John J Walsh, IV, MD Professor and Chairman, Department of Orthopedic Surgery, University of South Carolina School of Medicine

John J Walsh, IV, MD is a member of the following medical societies: American Academy of Orthopaedic Surgeons, Christian Medical and Dental Associations, American Society for Surgery of the Hand

Disclosure: Nothing to disclose.

Coauthor(s)

Joseph P Rectenwald, MD Orthopaedic Associates of Augusta, PA

Disclosure: Nothing to disclose.

Specialty Editor Board

Francisco Talavera, PharmD, PhD Adjunct Assistant Professor, University of Nebraska Medical Center College of Pharmacy; Editor-in-Chief, Medscape Drug Reference

Disclosure: Received salary from Medscape for employment. for: Medscape.

Michael Yaszemski, MD, PhD Associate Professor, Departments of Orthopedic Surgery and Bioengineering, Mayo Foundation, Mayo Medical School

Disclosure: Nothing to disclose.

Chief Editor

Harris Gellman, MD Consulting Surgeon, Broward Hand Center; Voluntary Clinical Professor of Orthopedic Surgery and Plastic Surgery, Departments of Orthopedic Surgery and Surgery, University of Miami, Leonard M Miller School of Medicine; Clinical Professor of Surgery, Nova Southeastern School of Medicine

Harris Gellman, MD is a member of the following medical societies: American Academy of Medical Acupuncture, American Academy of Orthopaedic Surgeons, American Orthopaedic Association, American Society for Surgery of the Hand, Arkansas Medical Society, Florida Medical Association, Florida Orthopaedic Society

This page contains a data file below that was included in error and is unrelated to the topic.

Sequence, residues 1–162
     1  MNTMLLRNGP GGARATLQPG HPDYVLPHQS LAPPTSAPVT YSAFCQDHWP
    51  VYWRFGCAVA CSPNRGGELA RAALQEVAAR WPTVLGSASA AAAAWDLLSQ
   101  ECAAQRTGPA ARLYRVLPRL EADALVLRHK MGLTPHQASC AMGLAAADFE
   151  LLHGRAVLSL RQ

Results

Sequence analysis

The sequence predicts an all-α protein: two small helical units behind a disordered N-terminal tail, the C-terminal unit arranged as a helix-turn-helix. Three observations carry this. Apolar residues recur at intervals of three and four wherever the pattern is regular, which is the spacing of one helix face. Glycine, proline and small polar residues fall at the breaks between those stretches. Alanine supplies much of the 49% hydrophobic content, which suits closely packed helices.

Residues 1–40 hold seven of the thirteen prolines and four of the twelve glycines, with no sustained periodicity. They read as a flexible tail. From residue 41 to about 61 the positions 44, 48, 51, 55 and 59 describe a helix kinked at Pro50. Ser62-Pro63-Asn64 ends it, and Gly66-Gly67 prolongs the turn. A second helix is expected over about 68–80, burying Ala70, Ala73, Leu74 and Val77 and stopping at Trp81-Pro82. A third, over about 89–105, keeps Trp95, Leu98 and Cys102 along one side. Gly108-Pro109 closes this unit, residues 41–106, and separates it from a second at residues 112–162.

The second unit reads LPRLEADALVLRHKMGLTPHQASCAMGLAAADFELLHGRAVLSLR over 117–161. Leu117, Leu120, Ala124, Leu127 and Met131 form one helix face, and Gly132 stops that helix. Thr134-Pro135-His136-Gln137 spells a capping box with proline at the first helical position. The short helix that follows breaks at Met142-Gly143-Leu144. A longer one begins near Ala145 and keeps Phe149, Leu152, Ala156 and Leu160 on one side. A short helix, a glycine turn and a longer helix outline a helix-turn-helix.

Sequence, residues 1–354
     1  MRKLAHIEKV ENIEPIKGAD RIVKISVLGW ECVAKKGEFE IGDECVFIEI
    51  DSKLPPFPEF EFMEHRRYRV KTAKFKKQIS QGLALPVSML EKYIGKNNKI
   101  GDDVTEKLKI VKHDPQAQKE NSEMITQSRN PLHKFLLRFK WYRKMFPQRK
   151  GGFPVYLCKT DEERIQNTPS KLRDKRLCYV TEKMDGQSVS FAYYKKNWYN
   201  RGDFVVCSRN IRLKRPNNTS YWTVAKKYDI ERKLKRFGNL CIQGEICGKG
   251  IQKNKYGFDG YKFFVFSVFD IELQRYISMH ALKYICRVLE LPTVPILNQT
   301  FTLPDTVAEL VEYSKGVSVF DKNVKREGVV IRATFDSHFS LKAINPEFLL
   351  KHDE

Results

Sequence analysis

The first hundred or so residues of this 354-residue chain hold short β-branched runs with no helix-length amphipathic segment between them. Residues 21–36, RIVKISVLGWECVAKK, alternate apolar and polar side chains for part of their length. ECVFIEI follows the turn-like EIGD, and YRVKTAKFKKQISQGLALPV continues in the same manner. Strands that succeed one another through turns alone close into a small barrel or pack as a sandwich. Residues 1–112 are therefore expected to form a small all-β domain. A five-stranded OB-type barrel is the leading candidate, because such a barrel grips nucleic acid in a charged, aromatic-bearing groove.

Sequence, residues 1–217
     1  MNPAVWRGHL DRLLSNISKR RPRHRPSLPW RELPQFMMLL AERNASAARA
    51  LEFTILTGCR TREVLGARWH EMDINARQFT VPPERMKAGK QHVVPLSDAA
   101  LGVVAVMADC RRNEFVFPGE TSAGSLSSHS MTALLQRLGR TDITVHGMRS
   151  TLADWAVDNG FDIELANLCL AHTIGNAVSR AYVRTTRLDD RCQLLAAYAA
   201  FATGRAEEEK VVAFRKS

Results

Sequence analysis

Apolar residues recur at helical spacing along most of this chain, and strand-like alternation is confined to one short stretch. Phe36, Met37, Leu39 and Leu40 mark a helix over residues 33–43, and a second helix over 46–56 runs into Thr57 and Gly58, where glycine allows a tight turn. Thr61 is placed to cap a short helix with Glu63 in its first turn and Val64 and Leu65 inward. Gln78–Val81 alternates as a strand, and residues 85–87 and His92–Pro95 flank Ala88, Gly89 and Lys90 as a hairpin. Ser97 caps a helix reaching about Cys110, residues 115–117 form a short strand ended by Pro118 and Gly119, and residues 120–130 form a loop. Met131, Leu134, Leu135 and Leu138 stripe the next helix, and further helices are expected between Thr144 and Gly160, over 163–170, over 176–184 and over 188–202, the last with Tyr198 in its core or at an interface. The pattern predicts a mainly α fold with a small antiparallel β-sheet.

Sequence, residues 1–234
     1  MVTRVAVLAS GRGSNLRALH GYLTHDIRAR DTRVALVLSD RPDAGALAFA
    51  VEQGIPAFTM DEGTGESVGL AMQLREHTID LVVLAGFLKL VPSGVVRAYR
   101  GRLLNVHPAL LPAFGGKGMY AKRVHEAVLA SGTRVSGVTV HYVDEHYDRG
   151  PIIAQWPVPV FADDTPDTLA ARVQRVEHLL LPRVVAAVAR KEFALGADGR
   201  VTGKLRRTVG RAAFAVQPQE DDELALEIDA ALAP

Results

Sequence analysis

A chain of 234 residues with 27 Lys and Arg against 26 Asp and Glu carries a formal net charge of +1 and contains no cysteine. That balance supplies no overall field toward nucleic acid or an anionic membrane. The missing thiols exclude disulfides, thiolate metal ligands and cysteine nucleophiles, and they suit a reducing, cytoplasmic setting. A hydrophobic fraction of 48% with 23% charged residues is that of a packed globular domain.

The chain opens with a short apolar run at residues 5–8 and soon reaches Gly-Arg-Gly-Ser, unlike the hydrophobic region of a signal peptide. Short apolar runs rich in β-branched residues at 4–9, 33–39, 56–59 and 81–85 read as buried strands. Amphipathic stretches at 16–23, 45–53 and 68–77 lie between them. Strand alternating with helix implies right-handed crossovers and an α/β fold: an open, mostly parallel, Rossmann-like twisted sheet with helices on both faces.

Disclosure: Nothing to disclose.

Additional Contributors

Jegan Krishnan, MBBS, FRACS, PhD Professor, Chair, Department of Orthopedic Surgery, Flinders University of South Australia; Senior Clinical Director of Orthopedic Surgery, Repatriation General Hospital; Private Practice, Orthopaedics SA, Flinders Private Hospital

Jegan Krishnan, MBBS, FRACS, PhD is a member of the following medical societies: Australian Medical Association, Australian Orthopaedic Association, Royal Australasian College of Surgeons

Disclosure: Nothing to disclose.

Acknowledgements

Lee A Patterson, MD Orthopedic Surgeon, Carolina Bone and Joint Clinic, PA

Lee A Patterson, MD is a member of the following medical societies: American Medical Association and South Carolina Medical Association

Disclosure: Nothing to disclose.

References
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Schematic of two types of medial condyle fractures, as described by Milch.
Medial epicondyle fracture.
Displacement patterns as described by Kilfoyle.
Valgus levering force creating fracture.
Olecranon acting as a wedge and creating medial condyle fracture.
Medial condyle fracture caused by traction through flexor pronator origin.
Epicondyle fractures can be caused by traction forces.
Positioning for valgus stress radiograph.
Anteroposterior view of displaced medial epicondyle fracture.
Anteroposterior view of displaced medial epicondyle fracture after reduction.
Elbow dislocation associated with medial epicondyle fracture. In this lateral view, fragment is marked with circle.
Elbow dislocation associated with medial epicondyle fracture. Lateral view after reduction. Reduced fragment is marked. Note normal location somewhat posteriorly on distal humerus.
Elbow dislocation associated with medial epicondyle fracture. Anteroposterior view after fixation.
Attachment of medial collateral ligament components is pictured.